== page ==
McAfee Protects Home WLANs
August 15, 2005
Its new software product will provide rotating encryption keys for routers and computers.
Setting up encryption on wireless home networks: everyone does it, right?
It comes as no surprise to anyone that, no, they don't. Even when the configuration is made somewhat simple, such as when users have all their Wi-Fi equipment from the same vendor, it still tends to be too difficult for most to bother with. Companies like Buffalo Technology, Broadcom, Atheros and others are trying to jumpstart various methods for one-button security setups, whether it's done with a physical button on the hardware or in software wizards. Until work by the Wi-Fi Alliance moves up a notch (see below), it will still be limited to single-vendor networks.
So what does someone with a multi-vendor home networkfor example, a Linksys router, a Centrino laptop, and a D-Link USB adapter on the desktopdo to set up security without hassle? McAfee hopes they'll buy the company's new Wireless Home Network Security software.
This software, which should be made available this week via the McAfee.com Web site, costs $50 for five computers. It will integrate directly with most routers from big-name vendors (Linksys, D-Link, Netgear, Belkin and others). It's basically a dumbed-down version of the SMB-targeted WSC Guard product that McAfee acquired earlier this year, without the hosted RADIUS/802.1X authentication, but leaving in the ability to rotate encryption keys for equipment supporting either the older wired equivalent privacy (WEP) or the more advanced Wi-Fi Protected Access (WPA) and WPA2/802.11i.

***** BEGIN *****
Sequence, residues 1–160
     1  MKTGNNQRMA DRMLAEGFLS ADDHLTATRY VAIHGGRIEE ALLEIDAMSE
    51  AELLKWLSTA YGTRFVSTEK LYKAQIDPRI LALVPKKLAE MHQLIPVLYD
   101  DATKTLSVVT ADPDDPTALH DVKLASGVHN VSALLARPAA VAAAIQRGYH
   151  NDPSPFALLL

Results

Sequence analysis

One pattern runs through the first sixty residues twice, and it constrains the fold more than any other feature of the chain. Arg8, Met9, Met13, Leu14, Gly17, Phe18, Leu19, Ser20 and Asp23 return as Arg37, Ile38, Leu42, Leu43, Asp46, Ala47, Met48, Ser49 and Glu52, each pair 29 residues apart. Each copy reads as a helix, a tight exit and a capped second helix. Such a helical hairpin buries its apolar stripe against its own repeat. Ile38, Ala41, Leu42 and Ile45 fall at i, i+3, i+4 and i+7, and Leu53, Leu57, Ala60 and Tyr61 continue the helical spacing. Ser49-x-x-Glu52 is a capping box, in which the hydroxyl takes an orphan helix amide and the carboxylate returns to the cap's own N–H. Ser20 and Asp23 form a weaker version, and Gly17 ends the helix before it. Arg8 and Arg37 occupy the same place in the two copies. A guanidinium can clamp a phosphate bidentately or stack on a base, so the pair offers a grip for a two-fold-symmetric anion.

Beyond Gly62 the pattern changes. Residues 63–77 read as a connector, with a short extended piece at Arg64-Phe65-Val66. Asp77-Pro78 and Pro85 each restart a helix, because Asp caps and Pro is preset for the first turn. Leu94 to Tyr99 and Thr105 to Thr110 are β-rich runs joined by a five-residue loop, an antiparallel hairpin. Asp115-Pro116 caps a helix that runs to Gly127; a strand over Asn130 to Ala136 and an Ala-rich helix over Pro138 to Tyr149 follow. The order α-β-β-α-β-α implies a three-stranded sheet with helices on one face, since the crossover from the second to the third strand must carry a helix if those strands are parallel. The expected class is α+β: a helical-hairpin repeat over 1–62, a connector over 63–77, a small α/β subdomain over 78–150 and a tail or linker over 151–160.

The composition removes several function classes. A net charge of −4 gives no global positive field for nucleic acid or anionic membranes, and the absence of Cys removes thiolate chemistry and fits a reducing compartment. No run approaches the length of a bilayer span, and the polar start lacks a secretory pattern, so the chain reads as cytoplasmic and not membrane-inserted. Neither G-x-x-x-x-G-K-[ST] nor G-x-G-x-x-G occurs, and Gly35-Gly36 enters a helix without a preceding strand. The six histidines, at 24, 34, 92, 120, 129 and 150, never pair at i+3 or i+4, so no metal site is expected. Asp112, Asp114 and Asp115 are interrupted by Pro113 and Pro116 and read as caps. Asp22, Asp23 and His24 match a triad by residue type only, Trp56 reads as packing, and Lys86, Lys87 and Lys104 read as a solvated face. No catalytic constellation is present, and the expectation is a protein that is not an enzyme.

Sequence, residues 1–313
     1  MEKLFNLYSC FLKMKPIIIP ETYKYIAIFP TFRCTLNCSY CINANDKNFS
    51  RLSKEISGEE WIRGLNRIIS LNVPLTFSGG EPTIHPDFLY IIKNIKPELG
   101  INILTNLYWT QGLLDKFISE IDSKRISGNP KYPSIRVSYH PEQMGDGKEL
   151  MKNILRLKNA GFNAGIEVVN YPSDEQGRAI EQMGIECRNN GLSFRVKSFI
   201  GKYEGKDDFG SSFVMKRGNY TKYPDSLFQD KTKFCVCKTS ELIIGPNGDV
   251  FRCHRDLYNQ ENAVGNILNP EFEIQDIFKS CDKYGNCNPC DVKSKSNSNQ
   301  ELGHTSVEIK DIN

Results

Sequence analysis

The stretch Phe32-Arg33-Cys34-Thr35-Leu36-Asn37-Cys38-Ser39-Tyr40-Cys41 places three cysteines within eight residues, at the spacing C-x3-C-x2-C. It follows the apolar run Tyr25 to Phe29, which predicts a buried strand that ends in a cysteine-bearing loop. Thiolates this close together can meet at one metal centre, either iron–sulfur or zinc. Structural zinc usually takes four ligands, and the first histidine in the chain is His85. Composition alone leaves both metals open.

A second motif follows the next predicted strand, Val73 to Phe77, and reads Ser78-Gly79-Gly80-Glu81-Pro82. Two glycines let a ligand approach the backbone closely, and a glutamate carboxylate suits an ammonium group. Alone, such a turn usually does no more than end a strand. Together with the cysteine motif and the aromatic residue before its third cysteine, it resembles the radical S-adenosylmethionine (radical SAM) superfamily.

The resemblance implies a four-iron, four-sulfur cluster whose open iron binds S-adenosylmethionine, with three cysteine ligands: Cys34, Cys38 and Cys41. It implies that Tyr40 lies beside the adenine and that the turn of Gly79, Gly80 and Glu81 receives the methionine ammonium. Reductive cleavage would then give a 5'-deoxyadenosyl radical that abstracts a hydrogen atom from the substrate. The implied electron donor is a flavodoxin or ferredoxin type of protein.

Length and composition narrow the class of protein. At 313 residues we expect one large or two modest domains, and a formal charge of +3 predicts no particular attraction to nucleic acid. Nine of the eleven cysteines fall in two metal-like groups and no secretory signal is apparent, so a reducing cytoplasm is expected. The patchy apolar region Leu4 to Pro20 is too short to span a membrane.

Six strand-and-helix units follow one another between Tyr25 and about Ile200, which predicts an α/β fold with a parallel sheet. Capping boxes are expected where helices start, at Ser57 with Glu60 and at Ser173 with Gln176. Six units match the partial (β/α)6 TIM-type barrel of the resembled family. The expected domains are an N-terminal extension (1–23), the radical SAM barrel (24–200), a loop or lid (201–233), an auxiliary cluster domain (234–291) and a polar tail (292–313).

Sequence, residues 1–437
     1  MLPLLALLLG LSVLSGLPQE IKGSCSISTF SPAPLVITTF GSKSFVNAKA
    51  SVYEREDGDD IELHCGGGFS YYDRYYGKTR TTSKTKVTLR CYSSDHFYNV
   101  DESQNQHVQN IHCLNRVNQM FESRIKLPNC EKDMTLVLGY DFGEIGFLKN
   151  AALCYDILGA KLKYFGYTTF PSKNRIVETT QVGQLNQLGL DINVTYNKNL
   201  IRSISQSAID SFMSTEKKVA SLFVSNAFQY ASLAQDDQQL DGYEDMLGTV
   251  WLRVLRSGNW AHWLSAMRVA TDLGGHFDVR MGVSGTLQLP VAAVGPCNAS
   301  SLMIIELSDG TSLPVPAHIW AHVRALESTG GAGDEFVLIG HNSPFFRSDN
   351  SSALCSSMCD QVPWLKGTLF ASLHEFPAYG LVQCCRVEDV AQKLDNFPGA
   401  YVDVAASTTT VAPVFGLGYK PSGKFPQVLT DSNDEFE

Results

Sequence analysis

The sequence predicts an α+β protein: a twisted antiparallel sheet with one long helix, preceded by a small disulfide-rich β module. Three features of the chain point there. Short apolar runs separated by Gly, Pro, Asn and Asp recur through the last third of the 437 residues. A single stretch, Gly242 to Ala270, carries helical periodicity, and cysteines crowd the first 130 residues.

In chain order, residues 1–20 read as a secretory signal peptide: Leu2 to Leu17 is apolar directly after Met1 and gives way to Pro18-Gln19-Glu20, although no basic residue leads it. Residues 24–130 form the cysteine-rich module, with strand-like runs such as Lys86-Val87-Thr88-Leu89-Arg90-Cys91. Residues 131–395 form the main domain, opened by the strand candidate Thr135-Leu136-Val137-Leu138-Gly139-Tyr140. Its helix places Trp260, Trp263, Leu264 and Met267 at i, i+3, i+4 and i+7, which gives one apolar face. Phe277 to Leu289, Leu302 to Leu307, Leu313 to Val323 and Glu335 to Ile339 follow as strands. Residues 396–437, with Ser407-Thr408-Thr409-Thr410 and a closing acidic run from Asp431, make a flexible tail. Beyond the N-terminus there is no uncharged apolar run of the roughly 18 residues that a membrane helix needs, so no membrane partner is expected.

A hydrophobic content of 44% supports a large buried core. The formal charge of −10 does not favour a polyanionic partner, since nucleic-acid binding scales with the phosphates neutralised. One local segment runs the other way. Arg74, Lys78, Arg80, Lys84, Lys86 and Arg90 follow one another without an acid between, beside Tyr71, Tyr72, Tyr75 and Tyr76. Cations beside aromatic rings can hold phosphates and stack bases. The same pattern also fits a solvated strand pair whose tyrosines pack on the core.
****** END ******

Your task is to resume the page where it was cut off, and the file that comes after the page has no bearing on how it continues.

Our feeling is, to have true wireless security, you need to have encryption turned on, says Stu Elefant, senior product manager for McAfee's wireless initiatives. Most normal people, they buy equipment, bring it home, turn it on, they get to Google, that's all they do.
Elefant says the McAfee software will provide always-on protection. The software uses notification messages to the clients and router to figure out new keys automatically and rotate them at the proper times. Even a system that's been out of contact with the network for an extended period of time will be able to fall back into the key rotation when it returns home. And new clients can't just join the network: they have to be granted permission by a client already on the network.
The software will work with what Elefant calls headless devices as well: those Wi-Fi products that are not able to run Windows software, which in this case could include anything from a Mac or Linux box to a game console adapter to a print server. Unfortunately, this means putting the software into a suspend mode that stops the key rotation. But with it off, the software will read you the keys so you can enter it into security settings for the headless devices.
The software will be running on a subscription model, so expect to pony up that $50 each year. The company plans to add new features over the course of time, and will be constantly adding new profiles for wireless hardware.
The future for the software could include incorporating services like hosted virtual private network tunnels for use at hotspots, like those offered by companies like WiTopia.net and HotspotVPN. Elefant says McAfee is very friendly with JiWire, the online hotspot directory, which recently launched such a service through its SpotLock client software.
McAfee is a member of the Wi-Fi Alliance working group for Simple Configuration to create an industry-wide interoperable way to do simple security setup for a home or SMB network. The Alliance says the group is currently evaluating a variety of proposed solutions for both security and ease of use, and we are still tracking toward launch of a program during the first half of 2006.